Kokums to the Iskwêsisisak

COVID-19 and Urban Métis Girls and Young Women

in Girlhood Studies
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  • 1 School of Social Work, University of Victoria, Canada carlyrjones@uvic.ca
  • 2 School of Public Health and Social Policy, University of Victoria, Canada rmonchalin@uvic.ca
  • 3 Seventh Generation Midwives Toronto and Midwifery Education Program, Ryerson University, Canada cbourgeois@sgmt.ca
  • 4 Dalla Lana School of Public Health, University of Toronto, and Well Living House, Canada janet.smylie@utoronto.ca
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Abstract

The national COVID-19 pandemic response presents a sharp contrast to the matrilineal social kinship and knowledge exchange systems that Métis women and girls rely on for safety, security, and wellbeing. In this article, we demonstrate that while Métis women and girls have been left out of the national pandemic response, they continue to carry intergenerational healing knowledges that have been passed down from the kokums (grandmas) to the iskwêsisisak (girls). We show how urban Métis girls and women are both managing and tackling COVID-19 through innovative and community-based initiatives like Well Living House and the Call Auntie Hotline.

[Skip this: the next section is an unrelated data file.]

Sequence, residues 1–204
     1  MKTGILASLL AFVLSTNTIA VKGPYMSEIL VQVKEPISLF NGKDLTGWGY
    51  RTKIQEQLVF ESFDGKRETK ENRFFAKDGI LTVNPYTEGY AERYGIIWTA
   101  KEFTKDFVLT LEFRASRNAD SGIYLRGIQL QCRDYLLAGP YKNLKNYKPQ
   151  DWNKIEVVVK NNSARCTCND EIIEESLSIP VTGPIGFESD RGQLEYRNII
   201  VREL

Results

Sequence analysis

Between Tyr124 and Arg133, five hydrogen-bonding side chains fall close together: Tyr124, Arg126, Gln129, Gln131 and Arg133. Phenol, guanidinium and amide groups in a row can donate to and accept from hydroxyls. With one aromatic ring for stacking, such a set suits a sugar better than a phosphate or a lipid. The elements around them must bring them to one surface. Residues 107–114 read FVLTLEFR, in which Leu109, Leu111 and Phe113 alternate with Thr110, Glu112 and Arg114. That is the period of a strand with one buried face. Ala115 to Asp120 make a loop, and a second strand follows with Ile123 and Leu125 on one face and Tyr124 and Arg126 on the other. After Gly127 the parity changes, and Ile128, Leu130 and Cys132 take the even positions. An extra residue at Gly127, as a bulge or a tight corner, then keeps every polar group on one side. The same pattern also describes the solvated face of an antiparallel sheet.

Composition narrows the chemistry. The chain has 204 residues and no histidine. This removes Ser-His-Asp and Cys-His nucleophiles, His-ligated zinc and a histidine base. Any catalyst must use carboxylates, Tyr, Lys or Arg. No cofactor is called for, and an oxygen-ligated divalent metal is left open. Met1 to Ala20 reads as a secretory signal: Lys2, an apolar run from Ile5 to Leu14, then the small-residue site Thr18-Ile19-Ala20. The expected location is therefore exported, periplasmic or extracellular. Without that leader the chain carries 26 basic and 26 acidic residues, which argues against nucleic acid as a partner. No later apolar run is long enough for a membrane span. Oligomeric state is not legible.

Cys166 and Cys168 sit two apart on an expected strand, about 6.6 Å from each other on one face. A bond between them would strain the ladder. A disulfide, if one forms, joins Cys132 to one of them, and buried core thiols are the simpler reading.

Contributor Notes

Carly Jones (ORCID: 0000-0001-8445-7494) is Métis and Ukranian. She is a master's candidate in the School of Social of Work at the University of Victoria. Email: carlyrjones@uvic.ca

Renée Monchalin (ORCID: 0000-0002-3676-1405) is Scottish, Anishnaabe, Métis, and French. She is an Assistant Professor at the School of Public Health and Social Policy at the University of Victoria. Email: rmonchalin@uvic.ca

Cheryllee Bourgeois is Cree and Métis. She is a midwife and co-founder of Seventh Generation Midwives Toronto and a Faculty Member in the Midwifery Education Program at Ryerson University. Email: cbourgeois@sgmt.ca

Janet Smylie is Cree and Métis. She is a Professor at the Dalla Lana School of Public Health at University of Toronto and the Director of the Well Living House. Email: janet.smylie@utoronto.ca

Girlhood Studies

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